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  • Writer's pictureAnjali Raj

9th April


Hope you had a lovely and relaxing Easter weekend. In today's newsletter I have decided to address the topic of diet culture and it's effects on us. Early last month was Eating Disorder Awareness Week. Unfortunately I missed it then so I decided to take up that topic this week. It is one of the longest newsletters I have written. It's something that I need to address.

Podcast recommendation: This is the only part of today's newsletter that is off topic and hence I thought of addressing it first. The podcast which was supposed to go live last week is now available here. Dr Bryan McIntosh discusses the bottlenecks in health service delivery and the future of healthcare. Bryan is the Strategic Programme Lead: Placements (NHS) and has worked within the UK and the Scottish cabinet amongst many other roles.

Back to the main topic of Diet Culture....

Whether we know it or not, we are all in some way part of diet culture. If you are confused by what I mean by Diet culture, here is Christy Harrison's explanation.

Diet culture is a system of beliefs that:

  1. Worships thinness and equates it to health and moral virtue, which means you can spend your whole life thinking you’re irreparably broken just because you don’t look like the impossibly thin “ideal.”

  2. Promotes weight loss as a means of attaining higher status, which means you feel compelled to spend a massive amount of time, energy, and money trying to shrink your body, even though the research is very clear that almost no one can sustain intentional weight loss for more than a few years.

  3. Demonizes certain ways of eating while elevating others, which means you’re forced to be hyper-vigilant about your eating, ashamed of making certain food choices, and distracted from your pleasure, your purpose, and your power.

  4. Oppresses people who don't match up with its supposed picture of “health,” which disproportionately harms women, femmes, trans folks, people in larger bodies, people of color, and people with disabilities, damaging both their mental and physical health.

Sounds familiar? Like I said, we are are guilty of at least one of the 4 above. You may say, "but Anjali, I only tell people to lose weight because I am concerned about them". If that's the first thought that came into you mind, trust me, I have been there too. It took me around a year of reading, patience, listening to my own body and unlearning, to realise that "concern for someone else's health" comes from diet culture too. Please look up the book recommendation. That book and a few others were life changing for me. If I look back at even as close as 2 years ago, I was so entrenched in diet culture. I was guilty of telling people all around me what is the right thing to eat, how starving is a good way to lose weight, why I was only talking about weight loss because I was concerned.. and so much more. What's ironic is that, from as far as my memory takes me, I have been a victim of diet culture myself. Around 2 years back, I went on a diet prescribed by a nutritionist and lost 10kgs. Did it feel good initially? Yes. Why? I felt accepted and the way people around me looked at me changed. Did it really feel good on the inside? No. I was hungry all the time. I was irritated and fatigued at the same time. My digestive system was a mess. My mental health suffered. I was sick very often. Why did I stick to it for around 9 months? I felt accepted. I am sharing this because this is something every chronic dieter goes through and it needs to stop. I wish I could go back and change those conversations where I put my body and mind through chronic dieting and made others feel guilty about their bodies. I cant, but I did what was the next best thing. I unlearned, and you can too.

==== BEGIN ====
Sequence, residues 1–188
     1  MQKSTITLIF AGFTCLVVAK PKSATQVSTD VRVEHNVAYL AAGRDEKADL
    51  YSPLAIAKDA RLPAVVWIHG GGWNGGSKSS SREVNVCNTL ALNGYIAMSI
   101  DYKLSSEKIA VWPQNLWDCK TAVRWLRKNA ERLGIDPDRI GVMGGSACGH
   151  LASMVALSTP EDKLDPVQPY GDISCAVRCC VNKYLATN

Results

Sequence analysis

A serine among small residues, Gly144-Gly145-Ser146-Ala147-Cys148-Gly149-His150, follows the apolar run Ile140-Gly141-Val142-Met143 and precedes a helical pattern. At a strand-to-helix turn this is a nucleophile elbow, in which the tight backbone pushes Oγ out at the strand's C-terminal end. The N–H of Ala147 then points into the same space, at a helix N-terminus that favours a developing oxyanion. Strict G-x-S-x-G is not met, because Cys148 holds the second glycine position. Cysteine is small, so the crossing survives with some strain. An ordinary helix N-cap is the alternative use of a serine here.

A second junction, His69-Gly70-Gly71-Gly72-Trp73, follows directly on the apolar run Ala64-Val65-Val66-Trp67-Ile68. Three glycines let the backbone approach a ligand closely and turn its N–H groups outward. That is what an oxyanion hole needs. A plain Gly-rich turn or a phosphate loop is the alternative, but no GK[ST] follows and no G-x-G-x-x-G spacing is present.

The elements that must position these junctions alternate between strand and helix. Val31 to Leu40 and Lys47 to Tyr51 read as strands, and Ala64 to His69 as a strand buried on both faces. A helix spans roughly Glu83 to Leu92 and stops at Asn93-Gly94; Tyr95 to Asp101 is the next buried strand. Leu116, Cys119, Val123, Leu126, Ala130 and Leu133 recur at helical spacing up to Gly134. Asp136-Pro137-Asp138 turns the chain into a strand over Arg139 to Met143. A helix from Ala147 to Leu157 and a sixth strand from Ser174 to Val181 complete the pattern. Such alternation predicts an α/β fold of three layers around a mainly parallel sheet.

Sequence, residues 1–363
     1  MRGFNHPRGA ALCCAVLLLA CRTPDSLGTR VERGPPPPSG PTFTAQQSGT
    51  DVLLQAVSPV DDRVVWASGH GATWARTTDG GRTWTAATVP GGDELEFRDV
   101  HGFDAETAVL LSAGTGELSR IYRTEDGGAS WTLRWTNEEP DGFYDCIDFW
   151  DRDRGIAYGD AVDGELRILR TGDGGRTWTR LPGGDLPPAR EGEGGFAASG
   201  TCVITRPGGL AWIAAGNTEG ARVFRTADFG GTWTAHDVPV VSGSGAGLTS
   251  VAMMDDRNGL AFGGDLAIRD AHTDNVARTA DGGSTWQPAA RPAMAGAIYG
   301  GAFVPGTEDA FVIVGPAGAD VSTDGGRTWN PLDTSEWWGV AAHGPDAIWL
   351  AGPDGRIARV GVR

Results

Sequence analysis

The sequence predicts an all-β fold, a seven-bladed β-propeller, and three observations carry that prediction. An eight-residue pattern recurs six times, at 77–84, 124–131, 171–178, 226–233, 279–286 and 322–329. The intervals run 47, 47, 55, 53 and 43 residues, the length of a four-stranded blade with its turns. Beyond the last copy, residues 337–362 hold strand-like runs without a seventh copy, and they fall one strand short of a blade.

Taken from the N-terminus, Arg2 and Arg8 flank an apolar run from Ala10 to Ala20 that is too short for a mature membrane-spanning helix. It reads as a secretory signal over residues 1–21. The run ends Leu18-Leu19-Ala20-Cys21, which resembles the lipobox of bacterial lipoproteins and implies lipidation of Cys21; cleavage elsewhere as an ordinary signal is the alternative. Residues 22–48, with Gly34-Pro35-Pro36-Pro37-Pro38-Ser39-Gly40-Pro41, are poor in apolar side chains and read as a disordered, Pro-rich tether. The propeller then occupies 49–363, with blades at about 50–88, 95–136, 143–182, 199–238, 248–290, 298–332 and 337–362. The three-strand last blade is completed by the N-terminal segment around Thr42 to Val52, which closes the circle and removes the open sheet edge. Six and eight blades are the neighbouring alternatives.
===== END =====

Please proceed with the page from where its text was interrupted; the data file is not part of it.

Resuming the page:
Quote for the week: ‘As a child, I never heard one woman say to me, “I love my body”. Not my mother, my elder sister, my best friend. No one woman has ever said, “I am so proud of my body.” So I make sure to say it to Mia [her daughter], because a positive physical outlook has to start at an early age.’- Kate Winslet

This quote strikes a cord with women everywhere. Why? Because it is true. I can honestly say that I don't think until probably a few years ago, I ever heard ANY WOMAN ever say that she loves her body. The conversation has always been about not being good enough.

Book I'm currently reading and Book Recommendation: Anti-Diet by Christy Harrison. It's one of the best books on Intuitive Eating. It addresses diet culture, fatphobia, social justice, health at every size and more.

She also has an amazing podcast called Food Psych. I would recommend that if you are not keen on books, listen to the podcast.

I have read this book in the past but I picked it up again this week because I needed a pick-me-up. Spring summer is that time of the year when the messaging surrounding you is all about weight loss and starvation diets.

In closing, if there is ever any resolution that I have made that I will stick to, that is to never ever diet again. I exercise because it makes me happy. I don't have to worry about food anymore because in the last year, I have learnt to listen to my body's cues on hunger and fullness, which in turn means that I rarely get cravings anymore.

I hope today's newsletter drives you towards at least trying to understand the impact diet culture has on our lives. If you want help with resources about this topic and support with unlearning toxic diet culture, feel free to reach out to me. Lastly, if all of this seems like ridiculous and absurd, it is your opinion and I respect that. However, do me a favour and please just do one thing for me- Dont push your opinions of health and beauty on anyone else other than yourself.

That's all for today. Hope you have an energising and restful weekend! See you next Friday!


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